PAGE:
Report: Dan Flynn, U.S. Soccer's powerful CEO, will be leaving next year

Dan Flynn, the most powerful man in American soccer you've never seen, will be stepping down after 18 years as U.S. Soccer's CEO and secretary general, the Washington Post's Steven Goff reported on Monday. Flynn, 63, will step down next year, sources told the Post.

Flynn was named to the position in June 2000 when the U.S. Soccer was in a precarious financial position, but it is now one of the largest national governing bodies in American sports. At Friday's board of directors meeting, the directors were told the federation has a deficit of $9.2 million for the fiscal year to date, but it has reserves of $150 million, including funds in its own accounts and donor and USOC accounts.

Flynn grew up in St. Louis and played on Saint Louis University's 10th and final national championship team in 1973. He later worked for Anheuser-Busch, a longtime soccer sponsor, and served as the Chicago venue chief for the 1994 World Cup organizing committee.

Much of the growth of the federation came during the era when Sunil Gulati was U.S. Soccer president and Flynn was its secretary general. U.S. Soccer now has close to 200 full-time employees and operates with a budget in excess of $100 million.

Gulati was elected president in 2006 and stepped down in 2018 after the election of Carlos Cordeiro as his successor. Gulati was very much a hands-on president and the public face for U.S. Soccer. Cordeiro's view of the role is more in line with that of the chairman of a board of directors. The next CEO/secretary general will likely play a much more public role during a critical period as U.S. Soccer moves closer to co-hosting the 2026 World Cup with Mexico.

The federation has not commented on the Washington Post report or issued a statement about any plans for naming a successor.

In the aftermath of the USA's failure to qualify for the 2018 World Cup, the state of the national team program has come under intense criticism, and the presidential campaign to find a successor for Gulati released a lot of pent-up displeasure with the relationship between the federation and its national office and member organizations.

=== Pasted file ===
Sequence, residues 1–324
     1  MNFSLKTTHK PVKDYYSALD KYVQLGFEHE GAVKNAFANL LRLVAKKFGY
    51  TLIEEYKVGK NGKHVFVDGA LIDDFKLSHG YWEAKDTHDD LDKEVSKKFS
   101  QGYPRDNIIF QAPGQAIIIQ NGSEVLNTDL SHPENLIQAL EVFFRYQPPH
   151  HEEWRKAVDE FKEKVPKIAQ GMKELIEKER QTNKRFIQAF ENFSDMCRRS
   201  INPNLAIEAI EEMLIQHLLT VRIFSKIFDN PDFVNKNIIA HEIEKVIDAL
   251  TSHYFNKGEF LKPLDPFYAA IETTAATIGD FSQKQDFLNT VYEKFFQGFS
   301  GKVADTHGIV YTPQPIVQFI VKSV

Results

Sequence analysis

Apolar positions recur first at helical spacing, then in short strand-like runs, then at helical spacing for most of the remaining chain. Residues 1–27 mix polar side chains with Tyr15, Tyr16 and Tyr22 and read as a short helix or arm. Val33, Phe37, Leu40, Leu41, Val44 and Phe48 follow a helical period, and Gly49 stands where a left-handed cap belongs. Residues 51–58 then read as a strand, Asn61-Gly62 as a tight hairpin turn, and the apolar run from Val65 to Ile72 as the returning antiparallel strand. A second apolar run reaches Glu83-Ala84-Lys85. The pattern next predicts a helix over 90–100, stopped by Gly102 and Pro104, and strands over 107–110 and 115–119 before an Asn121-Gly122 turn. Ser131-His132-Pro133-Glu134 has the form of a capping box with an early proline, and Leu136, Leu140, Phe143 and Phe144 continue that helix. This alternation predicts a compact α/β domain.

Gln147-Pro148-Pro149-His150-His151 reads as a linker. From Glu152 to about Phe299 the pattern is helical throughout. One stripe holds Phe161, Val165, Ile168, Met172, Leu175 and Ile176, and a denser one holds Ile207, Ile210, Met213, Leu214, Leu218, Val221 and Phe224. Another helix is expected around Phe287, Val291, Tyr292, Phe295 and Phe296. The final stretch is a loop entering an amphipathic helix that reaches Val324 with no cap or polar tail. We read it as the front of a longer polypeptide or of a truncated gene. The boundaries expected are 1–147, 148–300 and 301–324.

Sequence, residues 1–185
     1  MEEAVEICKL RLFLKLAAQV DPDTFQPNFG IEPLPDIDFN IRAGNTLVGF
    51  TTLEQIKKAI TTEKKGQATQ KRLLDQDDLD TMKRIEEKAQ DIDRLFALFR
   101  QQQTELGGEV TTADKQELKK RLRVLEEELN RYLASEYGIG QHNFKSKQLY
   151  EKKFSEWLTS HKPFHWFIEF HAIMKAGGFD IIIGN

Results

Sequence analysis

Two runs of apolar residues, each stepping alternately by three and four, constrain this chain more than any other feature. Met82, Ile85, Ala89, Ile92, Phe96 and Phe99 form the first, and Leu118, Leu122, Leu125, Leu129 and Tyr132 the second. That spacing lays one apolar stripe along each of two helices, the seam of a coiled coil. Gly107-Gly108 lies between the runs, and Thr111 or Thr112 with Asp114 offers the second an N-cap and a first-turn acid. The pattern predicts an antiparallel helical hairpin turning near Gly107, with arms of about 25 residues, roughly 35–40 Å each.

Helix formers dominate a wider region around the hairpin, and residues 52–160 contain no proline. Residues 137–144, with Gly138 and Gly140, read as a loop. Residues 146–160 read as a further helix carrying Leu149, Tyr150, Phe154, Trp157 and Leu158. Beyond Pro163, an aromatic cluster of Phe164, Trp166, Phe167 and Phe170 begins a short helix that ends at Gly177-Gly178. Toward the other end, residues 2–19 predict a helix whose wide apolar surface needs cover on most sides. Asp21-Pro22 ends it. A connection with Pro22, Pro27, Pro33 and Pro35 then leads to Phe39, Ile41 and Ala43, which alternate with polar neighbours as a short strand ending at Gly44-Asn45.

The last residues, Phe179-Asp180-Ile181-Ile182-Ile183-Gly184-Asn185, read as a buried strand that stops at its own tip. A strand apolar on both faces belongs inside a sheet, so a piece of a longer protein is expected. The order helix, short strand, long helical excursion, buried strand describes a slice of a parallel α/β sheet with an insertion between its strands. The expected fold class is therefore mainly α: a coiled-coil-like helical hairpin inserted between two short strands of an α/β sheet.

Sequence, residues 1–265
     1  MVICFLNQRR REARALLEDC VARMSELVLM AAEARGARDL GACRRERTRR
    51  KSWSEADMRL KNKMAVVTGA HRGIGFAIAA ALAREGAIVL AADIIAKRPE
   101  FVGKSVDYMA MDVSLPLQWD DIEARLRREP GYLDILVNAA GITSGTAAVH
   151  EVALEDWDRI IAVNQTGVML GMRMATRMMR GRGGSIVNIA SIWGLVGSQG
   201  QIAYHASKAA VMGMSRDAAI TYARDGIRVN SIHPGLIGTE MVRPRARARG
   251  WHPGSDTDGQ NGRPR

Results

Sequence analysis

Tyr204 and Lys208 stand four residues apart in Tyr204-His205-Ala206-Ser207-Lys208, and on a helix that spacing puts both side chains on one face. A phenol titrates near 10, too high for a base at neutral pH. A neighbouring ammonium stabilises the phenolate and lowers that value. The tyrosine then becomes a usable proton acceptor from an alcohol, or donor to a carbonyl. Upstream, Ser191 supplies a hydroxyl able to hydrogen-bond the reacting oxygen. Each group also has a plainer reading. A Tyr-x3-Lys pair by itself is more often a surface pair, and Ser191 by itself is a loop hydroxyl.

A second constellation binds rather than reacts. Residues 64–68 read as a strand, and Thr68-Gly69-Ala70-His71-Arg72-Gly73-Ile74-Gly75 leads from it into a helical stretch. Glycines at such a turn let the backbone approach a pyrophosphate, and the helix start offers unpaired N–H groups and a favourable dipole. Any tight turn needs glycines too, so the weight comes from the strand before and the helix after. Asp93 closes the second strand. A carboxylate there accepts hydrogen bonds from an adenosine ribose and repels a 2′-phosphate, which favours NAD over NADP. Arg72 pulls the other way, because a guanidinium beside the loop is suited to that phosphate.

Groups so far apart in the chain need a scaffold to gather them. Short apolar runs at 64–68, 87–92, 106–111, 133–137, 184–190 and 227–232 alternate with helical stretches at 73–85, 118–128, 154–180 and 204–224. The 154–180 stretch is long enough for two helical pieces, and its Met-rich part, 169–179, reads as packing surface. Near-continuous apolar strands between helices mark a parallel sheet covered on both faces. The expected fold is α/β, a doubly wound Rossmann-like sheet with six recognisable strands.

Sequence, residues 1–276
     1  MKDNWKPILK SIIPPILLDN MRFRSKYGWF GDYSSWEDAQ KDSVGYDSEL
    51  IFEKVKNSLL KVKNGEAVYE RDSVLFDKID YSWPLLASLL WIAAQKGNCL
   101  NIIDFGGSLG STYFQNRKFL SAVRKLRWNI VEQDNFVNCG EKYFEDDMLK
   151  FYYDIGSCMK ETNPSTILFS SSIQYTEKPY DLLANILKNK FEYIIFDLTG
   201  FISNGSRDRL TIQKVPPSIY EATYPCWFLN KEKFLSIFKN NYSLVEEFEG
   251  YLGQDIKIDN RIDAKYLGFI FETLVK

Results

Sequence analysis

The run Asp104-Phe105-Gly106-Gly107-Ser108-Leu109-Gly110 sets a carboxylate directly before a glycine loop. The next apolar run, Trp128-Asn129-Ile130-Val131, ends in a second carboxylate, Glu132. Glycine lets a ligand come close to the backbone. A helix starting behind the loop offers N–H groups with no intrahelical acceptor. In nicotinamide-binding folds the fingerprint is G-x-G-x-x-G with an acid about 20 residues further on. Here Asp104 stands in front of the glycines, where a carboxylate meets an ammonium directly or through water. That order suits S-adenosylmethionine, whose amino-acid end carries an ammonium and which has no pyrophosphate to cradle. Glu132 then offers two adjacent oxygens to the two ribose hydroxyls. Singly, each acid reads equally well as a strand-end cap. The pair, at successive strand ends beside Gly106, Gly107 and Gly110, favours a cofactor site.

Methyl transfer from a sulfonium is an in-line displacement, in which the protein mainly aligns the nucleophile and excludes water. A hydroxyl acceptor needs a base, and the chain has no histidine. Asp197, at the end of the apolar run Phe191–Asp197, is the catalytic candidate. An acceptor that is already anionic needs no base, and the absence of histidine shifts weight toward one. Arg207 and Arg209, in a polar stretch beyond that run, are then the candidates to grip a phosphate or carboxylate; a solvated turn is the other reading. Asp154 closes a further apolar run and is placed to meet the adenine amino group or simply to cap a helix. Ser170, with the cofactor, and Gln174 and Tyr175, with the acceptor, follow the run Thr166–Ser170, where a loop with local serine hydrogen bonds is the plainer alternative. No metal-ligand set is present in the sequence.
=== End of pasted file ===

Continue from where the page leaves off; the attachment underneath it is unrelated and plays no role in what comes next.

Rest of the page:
A majority of those organizations voted for candidates other than the two establishment candidates -- Cordeiro and Kathy Carter -- but the nature of the voting structure gave Cordeiro and Carter the majority of the vote.

In 2018, the federation has issued a restructured management chart and hired a men's national team general manager, Earnie Stewart. A women's national team general manager should be in place before the 2019 Women's World Cup.

Because of U.S. Soccer's authority given to it by the USOC and FIFA, the organization wields tremendous power over the sport of soccer, far greater than the national governing body in sports like baseball, basketball and ice hockey. That authority is the subject of a major antitrust lawsuit pursued by New York Cosmos owner Rocco Commisso in Federal court in Brooklyn, New York.

The next CEO/secretary general will be involved in many critical decisions shaping the federation and sport: how to reshape the fractured youth soccer landscape, how to get the men's national team back on track and keep the women's national team as the best in the world, how to maximize the federation's commercial potential -- the SUM question -- and to promote the sport in the buildup to the 2026 World Cup.

1 comment about "Report: Dan Flynn, U.S. Soccer's powerful CEO, will be leaving next year".
  1. R2 Dad, October 23, 2018 at 1:01 p.m.

    US Soccer has a monopoly, and has exercised power accordingly. Do we need an alternate organization to compete against it? No. But like all monopolies, they get used to having their way, making decisions in their favor, and perpetuating the status quo. It works, until it doesn't. 2018 World Cup tells me it's not working any longer, and REAL change is needed but not recognized by this guy and his minions. Will we qualify in 2022? I don't see how we can't, but that doesn't then prove everything is hunky dory.

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